The 36-year-old Chabal won 62 caps for France as a powerhouse lock and back row forward, winning two Grand Slams, and his last act of a 16-year career came when he turned out a final time for Lyon, his current club which he has helped seal promotion from the ProD2 to the Top 14.

Lyon beat La Rochelle 27-26 on Sunday, Chabal coming on as a substitute to rapturous applause.

Chabal was one of the best-known and best-paid rugby players in the world, his dark beard and locks catapulting him into the public eye, with a couple of notable performances on the pitch in 2007.

"I adore rugby but I'm very conscious of the efforts needed to perform at the highest level," Chabal had said when announcing he would retire earlier in the week.

Friday, May 2, 2014

Sedition, e-libel become the new Pacific media front line

Participants in today's University of the South Pacific media freedom forum chaired by
Stanley Simpson (centre), founding editor of Wansolwara. Image: USP Livestreaming
Criminal cyber defamation, journalist killings with impunity and legal gags are growing threats to Asia-Pacific press freedoms, writes educator David Robie on World Media Freedom Day.

ONE OF Fiji’s best investigative journalists and media trainers ended up as a spin doctor and henchman for wannabe dictator George Speight. Like his mentor, he is now languishing in jail for life for treason.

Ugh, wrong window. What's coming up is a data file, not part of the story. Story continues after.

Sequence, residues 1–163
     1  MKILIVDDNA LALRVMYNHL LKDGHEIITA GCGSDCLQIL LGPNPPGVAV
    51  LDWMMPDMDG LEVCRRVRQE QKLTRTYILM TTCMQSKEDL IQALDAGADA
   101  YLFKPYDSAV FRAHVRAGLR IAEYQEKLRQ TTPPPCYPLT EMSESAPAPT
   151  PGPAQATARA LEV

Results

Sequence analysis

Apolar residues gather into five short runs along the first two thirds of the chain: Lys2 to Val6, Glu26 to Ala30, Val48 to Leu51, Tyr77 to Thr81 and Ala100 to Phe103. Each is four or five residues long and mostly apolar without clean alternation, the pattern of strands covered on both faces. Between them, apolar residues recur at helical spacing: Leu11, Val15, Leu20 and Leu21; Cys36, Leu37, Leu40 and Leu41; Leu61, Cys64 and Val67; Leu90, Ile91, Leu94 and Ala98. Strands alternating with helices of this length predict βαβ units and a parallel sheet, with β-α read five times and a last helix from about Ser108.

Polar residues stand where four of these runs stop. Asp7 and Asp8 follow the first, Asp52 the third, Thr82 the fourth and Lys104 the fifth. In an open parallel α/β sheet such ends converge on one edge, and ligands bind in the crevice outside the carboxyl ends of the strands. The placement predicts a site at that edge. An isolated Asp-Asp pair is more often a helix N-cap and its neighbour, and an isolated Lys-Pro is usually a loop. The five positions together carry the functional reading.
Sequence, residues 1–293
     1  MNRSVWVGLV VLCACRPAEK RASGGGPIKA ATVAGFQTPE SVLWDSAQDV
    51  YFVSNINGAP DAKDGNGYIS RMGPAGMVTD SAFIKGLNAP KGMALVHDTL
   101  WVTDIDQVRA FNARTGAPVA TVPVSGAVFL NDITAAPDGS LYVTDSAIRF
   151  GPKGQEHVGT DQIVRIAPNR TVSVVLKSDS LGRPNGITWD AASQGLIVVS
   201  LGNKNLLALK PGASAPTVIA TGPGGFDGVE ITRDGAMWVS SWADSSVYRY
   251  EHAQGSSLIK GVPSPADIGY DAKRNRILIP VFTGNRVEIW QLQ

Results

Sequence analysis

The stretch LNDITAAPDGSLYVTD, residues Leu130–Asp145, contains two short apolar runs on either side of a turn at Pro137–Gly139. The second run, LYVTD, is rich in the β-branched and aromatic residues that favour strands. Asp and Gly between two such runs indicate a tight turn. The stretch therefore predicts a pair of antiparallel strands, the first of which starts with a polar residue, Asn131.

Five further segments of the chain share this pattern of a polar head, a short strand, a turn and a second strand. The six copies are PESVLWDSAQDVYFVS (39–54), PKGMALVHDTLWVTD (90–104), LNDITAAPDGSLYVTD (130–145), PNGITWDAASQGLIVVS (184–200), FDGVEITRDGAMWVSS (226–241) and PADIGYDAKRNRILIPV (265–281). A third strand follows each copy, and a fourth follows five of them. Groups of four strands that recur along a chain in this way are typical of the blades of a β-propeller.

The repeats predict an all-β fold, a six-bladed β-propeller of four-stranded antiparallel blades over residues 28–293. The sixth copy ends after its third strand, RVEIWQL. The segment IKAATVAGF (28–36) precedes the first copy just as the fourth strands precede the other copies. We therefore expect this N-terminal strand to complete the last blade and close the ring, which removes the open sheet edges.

Some newshounds in Papua New Guinea have pursued political careers thanks to their media training, but most have failed to make the cut in national politics.

A leading publisher in Tonga was forced to put his newspaper on the line in a dramatic attempt to overturn a constitutional gag on the media. He won—probably hastening the pro-democracy trend in the royal fiefdom’s 2010 general election.

The editor of the government-owned newspaper in Samoa runs a relentless and bitter “holier than thou” democracy campaign against the “gutless” media in Fiji that he regards as too soft on the military-backed regime. Yet the editor-in-chief of the rival independent newspaper accuses him of being a state propagandist in a nation that has been ruled by one party for three decades.

In West Papua, Indonesia still imposes a ban on foreign journalists in two Melanesian provinces where human rights violations are carried out with virtual impunity. Journalists in the Philippines are also assassinated with impunity.